Recently I have become aware of a part of the mental health community that concerns me. Just thinking about it is making me cry right now. There are people who say that I use my pills as a “crutch.” That instead of learning techniques to control my patterns of thinking and behaving, I pop pills.
I have been struggling as I have been decreasing my Lexapro. I notice that I’m having a tougher time dealing with stress, I have been more emotional, and I am having more thoughts about self harm. I don’t know if this is because of the dosage change, stressful circumstances, or a combination of both.
I’m meeting with my psychiatrist on Monday, and we’ll be discussing whether or not I should stay off of the Lexpro. Part of me wants to show that I can manage without it – that I can use the coping skills I’ve learned in therapy. I feel like if I can get through the months of April and May, I’ll be fine. But the other part of me doesn’t want to tempt a disaster. I can’t afford to have a bad episode during these next couple months.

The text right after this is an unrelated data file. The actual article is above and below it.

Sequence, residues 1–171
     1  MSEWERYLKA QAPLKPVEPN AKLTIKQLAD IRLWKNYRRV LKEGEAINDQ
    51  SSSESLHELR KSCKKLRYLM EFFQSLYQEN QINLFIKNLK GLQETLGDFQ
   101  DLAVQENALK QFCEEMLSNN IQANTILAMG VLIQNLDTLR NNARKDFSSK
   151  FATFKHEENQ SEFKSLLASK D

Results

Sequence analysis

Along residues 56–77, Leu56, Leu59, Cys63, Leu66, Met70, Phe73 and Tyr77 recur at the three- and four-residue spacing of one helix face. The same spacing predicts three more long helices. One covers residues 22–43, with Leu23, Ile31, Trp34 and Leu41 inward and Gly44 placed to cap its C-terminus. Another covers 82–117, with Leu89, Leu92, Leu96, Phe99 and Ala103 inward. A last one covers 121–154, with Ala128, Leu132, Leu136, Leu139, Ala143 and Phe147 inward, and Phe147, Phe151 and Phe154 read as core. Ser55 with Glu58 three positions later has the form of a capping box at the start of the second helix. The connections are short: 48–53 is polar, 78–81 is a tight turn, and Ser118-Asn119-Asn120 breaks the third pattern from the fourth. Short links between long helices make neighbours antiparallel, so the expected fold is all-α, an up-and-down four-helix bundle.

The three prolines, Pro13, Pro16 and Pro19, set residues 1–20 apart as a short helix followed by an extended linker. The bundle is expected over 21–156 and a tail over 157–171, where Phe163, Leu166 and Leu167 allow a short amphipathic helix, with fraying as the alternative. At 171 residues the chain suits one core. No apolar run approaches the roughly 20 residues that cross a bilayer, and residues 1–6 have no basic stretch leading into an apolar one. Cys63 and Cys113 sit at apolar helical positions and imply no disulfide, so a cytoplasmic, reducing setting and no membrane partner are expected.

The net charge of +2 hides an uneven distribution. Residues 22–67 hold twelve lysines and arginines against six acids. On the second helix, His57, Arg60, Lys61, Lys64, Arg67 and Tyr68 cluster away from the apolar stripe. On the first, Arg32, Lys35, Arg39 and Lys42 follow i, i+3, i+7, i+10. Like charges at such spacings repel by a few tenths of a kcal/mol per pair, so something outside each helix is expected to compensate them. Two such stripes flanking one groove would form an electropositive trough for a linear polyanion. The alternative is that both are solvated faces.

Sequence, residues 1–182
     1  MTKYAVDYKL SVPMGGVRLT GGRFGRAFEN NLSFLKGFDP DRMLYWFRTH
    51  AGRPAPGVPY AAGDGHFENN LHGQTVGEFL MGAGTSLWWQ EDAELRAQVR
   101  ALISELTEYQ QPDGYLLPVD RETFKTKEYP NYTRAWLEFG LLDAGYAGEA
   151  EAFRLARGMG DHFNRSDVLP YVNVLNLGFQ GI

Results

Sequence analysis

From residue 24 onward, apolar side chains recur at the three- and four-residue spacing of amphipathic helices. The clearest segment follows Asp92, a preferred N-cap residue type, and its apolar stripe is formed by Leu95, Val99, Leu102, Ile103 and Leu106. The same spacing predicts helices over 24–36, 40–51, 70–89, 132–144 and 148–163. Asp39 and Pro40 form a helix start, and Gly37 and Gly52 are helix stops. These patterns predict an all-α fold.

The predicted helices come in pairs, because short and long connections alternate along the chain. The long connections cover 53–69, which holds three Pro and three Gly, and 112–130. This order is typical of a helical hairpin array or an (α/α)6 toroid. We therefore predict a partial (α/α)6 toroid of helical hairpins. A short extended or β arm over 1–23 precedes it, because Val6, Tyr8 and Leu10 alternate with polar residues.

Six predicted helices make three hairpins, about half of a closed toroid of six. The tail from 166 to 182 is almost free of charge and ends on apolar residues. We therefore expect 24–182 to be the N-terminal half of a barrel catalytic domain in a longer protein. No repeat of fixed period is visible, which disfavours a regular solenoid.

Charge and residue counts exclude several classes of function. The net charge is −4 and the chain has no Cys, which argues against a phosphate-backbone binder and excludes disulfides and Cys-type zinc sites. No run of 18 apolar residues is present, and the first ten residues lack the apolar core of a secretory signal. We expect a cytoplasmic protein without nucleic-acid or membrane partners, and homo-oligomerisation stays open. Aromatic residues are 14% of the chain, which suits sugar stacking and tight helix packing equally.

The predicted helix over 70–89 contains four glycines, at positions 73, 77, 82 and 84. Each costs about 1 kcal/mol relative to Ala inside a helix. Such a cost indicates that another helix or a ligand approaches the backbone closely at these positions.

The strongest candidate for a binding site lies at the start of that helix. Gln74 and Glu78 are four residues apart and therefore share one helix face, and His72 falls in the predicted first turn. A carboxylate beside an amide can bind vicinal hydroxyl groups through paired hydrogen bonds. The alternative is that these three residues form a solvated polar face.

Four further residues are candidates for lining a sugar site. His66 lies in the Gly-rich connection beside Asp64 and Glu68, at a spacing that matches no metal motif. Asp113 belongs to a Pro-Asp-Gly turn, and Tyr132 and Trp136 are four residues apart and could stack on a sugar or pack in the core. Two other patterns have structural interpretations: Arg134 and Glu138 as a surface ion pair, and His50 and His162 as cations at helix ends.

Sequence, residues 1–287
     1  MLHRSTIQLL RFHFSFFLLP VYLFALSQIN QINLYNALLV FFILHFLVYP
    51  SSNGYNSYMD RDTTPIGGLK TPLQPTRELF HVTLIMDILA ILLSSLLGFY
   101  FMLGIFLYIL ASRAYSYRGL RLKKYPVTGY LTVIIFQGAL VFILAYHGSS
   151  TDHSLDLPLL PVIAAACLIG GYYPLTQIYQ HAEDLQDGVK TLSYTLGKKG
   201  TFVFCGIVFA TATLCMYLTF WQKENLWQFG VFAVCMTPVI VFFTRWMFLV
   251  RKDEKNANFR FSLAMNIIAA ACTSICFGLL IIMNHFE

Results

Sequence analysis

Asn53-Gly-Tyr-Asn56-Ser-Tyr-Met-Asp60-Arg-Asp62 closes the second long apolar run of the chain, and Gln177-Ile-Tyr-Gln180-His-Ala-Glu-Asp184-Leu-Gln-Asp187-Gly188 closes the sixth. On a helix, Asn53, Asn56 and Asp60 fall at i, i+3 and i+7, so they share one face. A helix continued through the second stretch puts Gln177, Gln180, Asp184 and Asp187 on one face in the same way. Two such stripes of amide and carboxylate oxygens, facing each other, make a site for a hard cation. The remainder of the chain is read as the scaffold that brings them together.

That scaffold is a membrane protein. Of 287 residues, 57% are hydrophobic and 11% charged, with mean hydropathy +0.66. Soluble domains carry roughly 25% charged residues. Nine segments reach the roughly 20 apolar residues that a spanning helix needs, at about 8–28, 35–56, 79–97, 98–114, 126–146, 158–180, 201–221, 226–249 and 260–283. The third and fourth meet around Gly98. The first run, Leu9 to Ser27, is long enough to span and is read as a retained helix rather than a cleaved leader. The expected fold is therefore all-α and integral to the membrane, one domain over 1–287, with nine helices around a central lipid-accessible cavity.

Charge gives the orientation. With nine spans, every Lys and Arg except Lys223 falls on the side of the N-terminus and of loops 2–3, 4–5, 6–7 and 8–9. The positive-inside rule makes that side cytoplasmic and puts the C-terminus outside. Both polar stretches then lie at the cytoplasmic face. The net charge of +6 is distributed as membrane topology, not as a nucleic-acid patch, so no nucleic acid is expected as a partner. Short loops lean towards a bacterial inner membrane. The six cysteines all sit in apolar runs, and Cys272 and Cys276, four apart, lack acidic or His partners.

I honestly don’t know what to do. It is entirely possible that I would be feeling this way even with the Lexapro; things are very stressful right now. I’m still functioning. I’m going to class, doing my work, and participating in activities.
For me, it’s not a question of whether or not I will take medication. It’s a question of how much. Without the Lexapro, I’m still taking seven pills a day. I don’t think I will ever be completely drug-free, but part of me would like to embrace this chance to reduce the number of chalky tablets I put into my body.
Ultimately, I need to make this decision myself. That said, I am still interested in other opinions. It’s important to note that saying no to Lexapro right now doesn’t mean that I can never go back on it. I think that all of us have different ways of dealing with our conditions and that we shouldn’t feel shame in taking medication or choosing not to take it anymore. I’m just trying to figure out which way is right for me.